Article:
This image shows how different food commodities are currently covered by different Acts and Regulations and how they will be covered in the future.

Section 1 lists the following food commodities: meat, fish, dairy products, eggs, fresh fruit and vegetables, honey, maple products, processed egg and processed products. These commodities currently fall under the Meat Inspection Act, the Fish Inspection Act and the Canada Agricultural Products Act and their associated regulations. They will eventually be brought under the Safe Food for Canadians Act and will be regulated under the future Safe Food for Canadians Regulations.

Section 2 shows examples of commodities in the Non-Federally Registered Sector that meet the definition of an agricultural product. These include: grain products, beverages, confectionary/chocolate, spices, seasonings and dried herbs, vegetable fats and oils, infant formula and meal replacements and snack foods. These commodities currently fall under the Food and Drugs Act and the Consumer Packaging and Labelling Act and will also fall under the proposed Imported Food Sector Product Regulations if the proposed regulations are passed. Under the proposed regulations these foods would require an importer to hold a valid import licence to import into Canada. These commodities will also eventually be brought under the Safe Food for Canadians Act and the future regulations under that Act.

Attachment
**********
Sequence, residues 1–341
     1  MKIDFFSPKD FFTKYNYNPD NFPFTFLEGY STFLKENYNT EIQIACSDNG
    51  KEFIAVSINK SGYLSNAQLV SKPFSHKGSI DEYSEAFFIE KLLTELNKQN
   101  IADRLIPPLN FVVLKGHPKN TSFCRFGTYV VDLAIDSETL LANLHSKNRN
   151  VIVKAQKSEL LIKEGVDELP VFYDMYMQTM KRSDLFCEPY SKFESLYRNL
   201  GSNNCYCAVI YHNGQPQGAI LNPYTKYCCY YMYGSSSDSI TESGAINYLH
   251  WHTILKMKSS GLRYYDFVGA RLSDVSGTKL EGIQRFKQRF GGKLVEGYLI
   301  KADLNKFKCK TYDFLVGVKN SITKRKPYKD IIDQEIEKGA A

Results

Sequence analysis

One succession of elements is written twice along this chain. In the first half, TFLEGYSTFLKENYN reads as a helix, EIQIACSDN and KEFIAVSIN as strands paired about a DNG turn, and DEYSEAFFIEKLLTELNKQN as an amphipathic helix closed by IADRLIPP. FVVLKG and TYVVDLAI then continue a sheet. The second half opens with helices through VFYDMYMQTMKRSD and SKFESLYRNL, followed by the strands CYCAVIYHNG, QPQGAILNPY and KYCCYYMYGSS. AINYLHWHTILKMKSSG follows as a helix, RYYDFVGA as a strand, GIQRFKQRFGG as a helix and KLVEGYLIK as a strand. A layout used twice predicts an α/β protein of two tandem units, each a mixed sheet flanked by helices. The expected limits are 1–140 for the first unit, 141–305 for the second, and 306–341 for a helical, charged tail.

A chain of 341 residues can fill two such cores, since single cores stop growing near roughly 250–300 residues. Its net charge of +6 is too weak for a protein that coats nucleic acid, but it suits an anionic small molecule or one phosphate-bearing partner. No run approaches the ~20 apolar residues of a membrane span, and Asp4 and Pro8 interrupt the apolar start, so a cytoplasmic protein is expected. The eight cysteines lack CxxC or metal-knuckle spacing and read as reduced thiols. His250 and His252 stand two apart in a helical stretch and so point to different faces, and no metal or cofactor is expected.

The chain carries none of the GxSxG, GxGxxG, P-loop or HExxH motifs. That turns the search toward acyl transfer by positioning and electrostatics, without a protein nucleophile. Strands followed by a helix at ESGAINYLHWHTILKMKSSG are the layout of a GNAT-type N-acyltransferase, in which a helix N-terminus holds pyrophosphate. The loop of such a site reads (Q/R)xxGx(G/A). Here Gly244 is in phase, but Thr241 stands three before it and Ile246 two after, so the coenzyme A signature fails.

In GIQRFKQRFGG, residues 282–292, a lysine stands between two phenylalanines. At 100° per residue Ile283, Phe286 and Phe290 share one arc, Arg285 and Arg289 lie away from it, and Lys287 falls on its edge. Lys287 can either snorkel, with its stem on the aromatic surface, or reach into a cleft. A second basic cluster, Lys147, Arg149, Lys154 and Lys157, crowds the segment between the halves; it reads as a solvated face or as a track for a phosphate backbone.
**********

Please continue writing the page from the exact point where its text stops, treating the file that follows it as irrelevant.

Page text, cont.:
Section 3 shows examples of commodities in the Non-Federally Registered Sector that do not meet the definition of an agricultural product. These include: bottled water, synthetic colours and salts. These commodities currently fall under the Food and Drugs Act and the Consumer Packaging and Labelling Act but will not fall under the proposed Imported Food Sector Product Regulations. They will eventually be brought under the Safe Food for Canadians Act and the future regulations under that Act.

IFS Trends

  • The IFS is vast, imports are received from over 190 countries many of whom have food safety systems in very formative stages of development
    • "Risks are no longer confined within our borders, and the Agency must face the challenge and focus its resources where the risk is greatest and where there is the greatest net benefit to Canadians" CFIA website